baron and visiting minister, was born on 5 December 1919, the son of Arthur Gwynne Jones and Eliza Alice, née Hardman, and educated at West Monmouth School. He was commissioned into the South Wales Borderers in 1940 and served in Burma and, after World War II, in Malaya, where he was awarded the MC in 1957 and in Cyprus. In 1948 he married Dr Mona Mitchell. From 1961-1964 he was defence correspondent of the London Times. In 1964 the new Labour government appointed him Minister of State at the Foreign Office and elevated him to the peerage as Baron Chalfont. He was also appointed Privy Councillor. In 1966 Chalfont was made minister responsible for British European policy.
In 1968 Chalfont accompanied the Queen and the Duke of EDINBURGH on state visits to Brazil and Chile, and as the royal party began their return journey, the Foreign Office announced that he would visit the Falkland Islands - the first visit by a British Minister. Accompanied by Sir Arthur Galsworthy, the senior official responsible for dependant territories, Chalfont sailed from Montevideo in HMS Endurance on 19 November, arriving in Port Howard on 23 November, where he was greeted by Islanders in what he assumed was a traditional welcome - only to see that their placards read 'Chalfont go home!' Despite this, the Islanders were unfailingly courteous and Chalfont met about sixty people in the village hall. He sensed that the profusion of Union Jacks was more than an expression of imperial nostalgia. The Islanders clearly felt a deep insecurity about the future.
Chalfont's task was not merely to emphasise to Islanders that there could be no change in sovereignty against their wishes. He also hoped to convince them that maintaining the status quo was not in their real interests; permanent isolation from Argentina and a refusal even to negotiate was damaging to their own economic interests and could be dangerous in the longer term. Britain was no longer the great imperial power, but if the Islanders could bring themselves to face the future realistically they could rely on the British government to defend their rights and allay their fears about closer ties with Argentina.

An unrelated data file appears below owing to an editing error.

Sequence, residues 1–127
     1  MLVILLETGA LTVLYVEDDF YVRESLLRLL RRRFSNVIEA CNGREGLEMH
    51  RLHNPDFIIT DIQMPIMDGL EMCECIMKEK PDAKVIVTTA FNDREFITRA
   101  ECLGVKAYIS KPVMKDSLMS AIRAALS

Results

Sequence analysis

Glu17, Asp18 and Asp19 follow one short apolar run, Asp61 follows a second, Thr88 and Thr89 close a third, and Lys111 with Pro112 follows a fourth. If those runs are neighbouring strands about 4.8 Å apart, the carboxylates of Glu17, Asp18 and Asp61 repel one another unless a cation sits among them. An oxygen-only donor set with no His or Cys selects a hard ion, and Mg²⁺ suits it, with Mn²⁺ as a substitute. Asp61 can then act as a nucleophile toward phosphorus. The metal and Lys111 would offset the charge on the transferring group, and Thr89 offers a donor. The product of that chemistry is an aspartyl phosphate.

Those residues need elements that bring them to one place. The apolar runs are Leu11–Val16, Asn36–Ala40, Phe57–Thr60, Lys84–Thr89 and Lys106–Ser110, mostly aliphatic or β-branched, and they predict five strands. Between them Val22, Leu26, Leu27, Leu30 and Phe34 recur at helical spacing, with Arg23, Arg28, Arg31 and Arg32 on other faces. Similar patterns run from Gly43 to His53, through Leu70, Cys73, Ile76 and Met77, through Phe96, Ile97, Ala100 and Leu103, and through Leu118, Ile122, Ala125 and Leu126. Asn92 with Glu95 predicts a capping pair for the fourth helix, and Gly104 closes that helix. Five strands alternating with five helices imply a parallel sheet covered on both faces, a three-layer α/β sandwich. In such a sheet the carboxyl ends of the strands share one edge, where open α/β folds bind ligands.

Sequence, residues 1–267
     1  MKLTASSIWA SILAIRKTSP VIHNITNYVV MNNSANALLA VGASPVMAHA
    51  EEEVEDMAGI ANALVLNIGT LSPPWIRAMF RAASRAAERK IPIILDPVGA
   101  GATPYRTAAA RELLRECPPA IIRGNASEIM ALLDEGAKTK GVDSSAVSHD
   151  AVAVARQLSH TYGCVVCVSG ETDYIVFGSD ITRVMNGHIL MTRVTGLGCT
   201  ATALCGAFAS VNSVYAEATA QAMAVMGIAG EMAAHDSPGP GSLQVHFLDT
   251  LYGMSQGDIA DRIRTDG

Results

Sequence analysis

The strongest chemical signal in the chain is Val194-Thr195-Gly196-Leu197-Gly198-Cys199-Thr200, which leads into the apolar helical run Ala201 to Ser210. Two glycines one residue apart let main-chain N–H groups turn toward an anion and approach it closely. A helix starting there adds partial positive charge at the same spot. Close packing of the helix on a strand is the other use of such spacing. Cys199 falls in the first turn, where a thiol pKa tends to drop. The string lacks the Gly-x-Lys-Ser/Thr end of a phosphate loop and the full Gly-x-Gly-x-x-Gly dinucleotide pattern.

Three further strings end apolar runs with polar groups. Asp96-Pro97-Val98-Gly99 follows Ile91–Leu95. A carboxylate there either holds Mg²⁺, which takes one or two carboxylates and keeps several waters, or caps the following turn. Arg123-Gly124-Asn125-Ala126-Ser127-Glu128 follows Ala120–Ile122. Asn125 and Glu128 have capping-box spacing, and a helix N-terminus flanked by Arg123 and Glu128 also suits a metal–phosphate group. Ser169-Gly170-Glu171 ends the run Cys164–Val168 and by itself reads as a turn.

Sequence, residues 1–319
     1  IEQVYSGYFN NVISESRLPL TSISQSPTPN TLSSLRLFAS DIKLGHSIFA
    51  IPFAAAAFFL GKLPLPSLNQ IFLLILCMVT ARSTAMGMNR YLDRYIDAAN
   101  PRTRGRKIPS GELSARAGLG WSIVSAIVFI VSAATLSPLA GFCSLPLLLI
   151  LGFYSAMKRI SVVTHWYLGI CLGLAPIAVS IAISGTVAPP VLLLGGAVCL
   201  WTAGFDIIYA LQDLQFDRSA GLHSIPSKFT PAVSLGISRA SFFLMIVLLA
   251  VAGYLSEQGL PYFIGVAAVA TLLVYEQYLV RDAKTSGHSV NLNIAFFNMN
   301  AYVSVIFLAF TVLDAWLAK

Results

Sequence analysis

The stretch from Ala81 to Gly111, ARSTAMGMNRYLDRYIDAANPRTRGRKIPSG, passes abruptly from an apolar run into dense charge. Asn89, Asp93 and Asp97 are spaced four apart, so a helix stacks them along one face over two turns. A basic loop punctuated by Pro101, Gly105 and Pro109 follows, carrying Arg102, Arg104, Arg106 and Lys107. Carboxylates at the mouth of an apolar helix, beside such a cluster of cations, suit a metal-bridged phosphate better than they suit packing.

A series of meetings was held in Stanley, with bodies ranging from ExCo to the Sheep Owners' Association. Chalfont set out the 'agreed position', which was within sight after 18 months of negotiation with the Argentine government. This would provide for practical steps to improve communications which both governments hoped would lead to a wider rapprochement, while the sovereignty issue was left on the side. While many members of ExCo were opposed to any change, after a further day of talks, a majority accepted the London position. Chalfont made a broadcast to Islanders, repeating that no change in sovereignty could take place without their agreement, ultimately safeguarded by parliament.
The party sailed for Buenos Aires, where they arrived on 1 December with no optimism for the future of the Islands and a strong sense that they were a bizarre anachronism. Talks with the Argentine foreign minister Nicanor Costa Mendez did little to brighten the mood. Argentina continued to take a very hard line on sovereignty and refused to accept the primacy of the Islanders' wishes and the principle of self-determination. On his return to London, Chalfont faced ritual accusations of 'betrayal' from certain sections of the press and the Conservative opposition. In retrospect, he believes that the crisis in 1982 could have been avoided if the British government had been more flexible with Argentina and if governments had not simply handed control of policy to the Islanders. Writing in 2000, Chalfont maintained that 'the position of the islanders is politically and economically untenable in the long term. It is as clear today as it was when I left the Foreign Office in 1970, that some accommodation with Argentina will one day be necessary'.
After leaving government in 1970, Chalfont concentrated on his business interests, becoming a director of IBM United Kingdom, and of Lazard Brothers, the merchant bankers. He was chairman of Vickers Shipbuilding during the construction of Britain's Trident fleet. His visits to South America cemented his lasting interest in the region and from 1975 to 1980 he was president of the Hispanic and Luso-Brazilian Councils at Canning House. He has written several books on defence topics and a memoir The Shadow of my Hand in 2000. He was awarded the OBE in 1961.
Chalfont's visit in 1968 was the first occasion on which it became clear to people in the Islands that the old colonial status quo was ending and that they and the British government no longer saw their future in the same way.